Some behaviors do seem illogical - cruelty for cruelty's sake - but I think the reason we just don't understand it is because we don't think that way, so would never act that way.

I do like your logic though. And there are plenty of people in the world that write about sociopaths (sorry; I like to read about them and have tried to write one or two).

What's important is that you write what appeals to you; something you're passionate about. That passion will come through in the voice of the story, and will draw people in.

You have a lovely writing voice Guin.


Guinevere said...

Kittie, me too. That book was a fascinating read, but I hope I can avoid getting to know any more sociopathic types in person!

Aw thanks Caroline! I'm glad you've stopped by... I love meeting other bloggers, and I'm a big fan of your blog too!

Donna, I used to like reading about them too, actually. My sentiments changed during my year in Iraq, where my tolerance for imagined violence decreased dramatically. But I can certainly understand the fascination with these "others" who walk among us but don't have the same sense of humanity we do. I love the idea is that passion is what matters! Thanks for sharing that thought today, and for the wonderful compliment. :)

Aubrie said...

These subjects would all be hard for me to write as well. I'll add anything historical to the list, too. :)

I don't think I could sit through Rambo, although he does sneer very well.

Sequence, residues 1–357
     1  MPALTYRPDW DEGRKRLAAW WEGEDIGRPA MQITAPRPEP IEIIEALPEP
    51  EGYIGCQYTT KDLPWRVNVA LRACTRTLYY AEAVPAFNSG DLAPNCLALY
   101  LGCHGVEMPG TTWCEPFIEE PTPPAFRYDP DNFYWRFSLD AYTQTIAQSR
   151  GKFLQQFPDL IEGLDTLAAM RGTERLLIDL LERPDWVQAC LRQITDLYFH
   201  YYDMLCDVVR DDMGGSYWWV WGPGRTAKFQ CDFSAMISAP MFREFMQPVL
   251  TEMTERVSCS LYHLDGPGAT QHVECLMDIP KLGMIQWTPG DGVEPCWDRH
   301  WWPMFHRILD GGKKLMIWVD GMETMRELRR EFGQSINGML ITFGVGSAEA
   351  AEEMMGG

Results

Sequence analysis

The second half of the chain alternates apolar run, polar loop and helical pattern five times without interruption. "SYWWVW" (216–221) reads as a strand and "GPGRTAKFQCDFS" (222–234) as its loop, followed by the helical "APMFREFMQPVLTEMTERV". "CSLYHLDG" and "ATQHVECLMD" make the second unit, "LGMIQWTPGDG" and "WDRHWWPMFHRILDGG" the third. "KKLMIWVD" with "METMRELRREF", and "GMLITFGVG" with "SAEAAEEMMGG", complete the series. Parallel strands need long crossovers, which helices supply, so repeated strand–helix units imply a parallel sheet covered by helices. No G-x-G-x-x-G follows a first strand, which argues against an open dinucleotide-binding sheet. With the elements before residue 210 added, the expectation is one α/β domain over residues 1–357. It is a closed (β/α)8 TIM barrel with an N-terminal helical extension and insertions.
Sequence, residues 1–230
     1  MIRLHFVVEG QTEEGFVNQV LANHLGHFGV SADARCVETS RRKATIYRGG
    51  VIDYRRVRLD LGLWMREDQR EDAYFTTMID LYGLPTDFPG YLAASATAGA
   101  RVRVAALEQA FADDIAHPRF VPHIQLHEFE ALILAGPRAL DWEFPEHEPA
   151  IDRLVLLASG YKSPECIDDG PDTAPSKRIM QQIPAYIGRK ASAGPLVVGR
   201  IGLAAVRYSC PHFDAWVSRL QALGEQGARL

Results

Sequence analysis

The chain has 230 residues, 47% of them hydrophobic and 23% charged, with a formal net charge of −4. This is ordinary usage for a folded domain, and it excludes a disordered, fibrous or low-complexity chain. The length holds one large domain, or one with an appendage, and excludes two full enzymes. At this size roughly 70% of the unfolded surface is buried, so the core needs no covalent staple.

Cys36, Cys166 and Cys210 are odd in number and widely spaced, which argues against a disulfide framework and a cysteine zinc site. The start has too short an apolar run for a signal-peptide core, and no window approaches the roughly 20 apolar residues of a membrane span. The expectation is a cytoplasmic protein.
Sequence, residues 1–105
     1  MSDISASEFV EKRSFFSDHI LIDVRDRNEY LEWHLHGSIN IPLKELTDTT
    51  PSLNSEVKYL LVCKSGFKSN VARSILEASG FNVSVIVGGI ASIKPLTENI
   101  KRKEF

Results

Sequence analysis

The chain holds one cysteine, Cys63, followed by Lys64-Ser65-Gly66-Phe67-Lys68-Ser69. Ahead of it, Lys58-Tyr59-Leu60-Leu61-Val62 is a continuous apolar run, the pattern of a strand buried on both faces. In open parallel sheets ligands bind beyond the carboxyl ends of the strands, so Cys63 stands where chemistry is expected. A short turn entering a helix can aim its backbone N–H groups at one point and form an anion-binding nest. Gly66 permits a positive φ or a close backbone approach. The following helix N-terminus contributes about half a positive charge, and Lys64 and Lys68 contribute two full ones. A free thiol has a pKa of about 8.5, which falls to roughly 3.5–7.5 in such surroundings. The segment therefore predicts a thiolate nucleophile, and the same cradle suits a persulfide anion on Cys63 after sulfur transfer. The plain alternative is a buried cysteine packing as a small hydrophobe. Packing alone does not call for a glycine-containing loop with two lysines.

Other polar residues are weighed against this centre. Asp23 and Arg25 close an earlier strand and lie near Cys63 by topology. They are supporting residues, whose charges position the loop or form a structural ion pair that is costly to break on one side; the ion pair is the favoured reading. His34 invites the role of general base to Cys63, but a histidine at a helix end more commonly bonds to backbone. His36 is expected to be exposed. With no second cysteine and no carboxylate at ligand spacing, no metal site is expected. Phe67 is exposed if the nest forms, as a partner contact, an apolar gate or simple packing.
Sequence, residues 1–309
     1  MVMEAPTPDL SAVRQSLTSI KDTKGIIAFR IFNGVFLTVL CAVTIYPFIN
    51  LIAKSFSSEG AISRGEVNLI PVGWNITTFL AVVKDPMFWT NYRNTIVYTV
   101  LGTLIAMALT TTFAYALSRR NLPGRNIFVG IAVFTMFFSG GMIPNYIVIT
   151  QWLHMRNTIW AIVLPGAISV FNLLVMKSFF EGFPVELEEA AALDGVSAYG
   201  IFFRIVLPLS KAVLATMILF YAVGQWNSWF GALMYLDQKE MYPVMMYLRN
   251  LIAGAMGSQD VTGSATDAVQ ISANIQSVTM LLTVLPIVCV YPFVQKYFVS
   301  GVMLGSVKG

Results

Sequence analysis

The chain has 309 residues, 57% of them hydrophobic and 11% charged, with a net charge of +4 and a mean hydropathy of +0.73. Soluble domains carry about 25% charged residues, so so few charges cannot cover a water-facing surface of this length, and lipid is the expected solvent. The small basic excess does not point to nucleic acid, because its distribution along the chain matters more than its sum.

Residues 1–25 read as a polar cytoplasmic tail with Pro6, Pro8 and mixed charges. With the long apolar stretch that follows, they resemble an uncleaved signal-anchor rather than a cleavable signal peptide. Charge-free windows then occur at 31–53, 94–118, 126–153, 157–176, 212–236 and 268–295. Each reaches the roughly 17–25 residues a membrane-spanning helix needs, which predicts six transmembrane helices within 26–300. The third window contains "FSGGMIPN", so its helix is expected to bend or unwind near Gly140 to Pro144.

Shelley Sly said...

I agree! That's a tough thing to write about. I don't think I could ever have a sociopathic main character who does things for no logical reason. It's so much more fun to develop a backstory showing why characters act the way they do, not just be cheap and say, "Well, he doesn't think straight, so anything goes." Just my two cents.

Stephanie Thornton said...

I've never seen any of the Rambo movies- I refuse to give up that many hours of my life for something I've heard such bad stuff about.

I'd stay away from any crimes against children. I can barely read any scenes where kids get hurt- having my daughter has made me a softy. I certainly couldn't write anything like that.

E. Elle said...

I would like to write a thriller in the future but I know that it will take a lot. I have trouble writing genuinely evil characters because I am not evil (well, not VERY evil, anyway). I can't get myself into the position of an evil person. Plus, I know there'd be a lot of research if the police got involved, forensics, firearms... ugh, it's a web of intricacies.

So, in short, I can't write evil, even though it's all around us.

Raquel Byrnes said...

I've read that book and it opened my eyes to someone that was messing with me just for the fun of it. I was horrified when I learned from other people what they had been telling them I said and did...none of it true. Needless to say, that is hard for me to write about also, because I just can't get there mentally. Great post.

Jen said...

love scenes I see everyone else write them and even though I have love in my life for some reason I can't write about it! Weird huh?!